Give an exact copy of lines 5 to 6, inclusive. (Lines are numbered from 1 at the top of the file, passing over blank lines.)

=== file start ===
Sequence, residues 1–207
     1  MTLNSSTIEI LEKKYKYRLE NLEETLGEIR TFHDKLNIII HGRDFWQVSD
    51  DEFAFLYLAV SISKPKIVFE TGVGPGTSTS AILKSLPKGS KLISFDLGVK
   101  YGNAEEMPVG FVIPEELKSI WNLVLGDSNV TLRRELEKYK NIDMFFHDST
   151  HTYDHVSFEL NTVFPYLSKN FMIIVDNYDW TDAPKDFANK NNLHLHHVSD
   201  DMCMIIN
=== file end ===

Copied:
   151  HTYDHVSFEL NTVFPYLSKN FMIIVDNYDW TDAPKDFANK NNLHLHHVSD
   201  DMCMIIN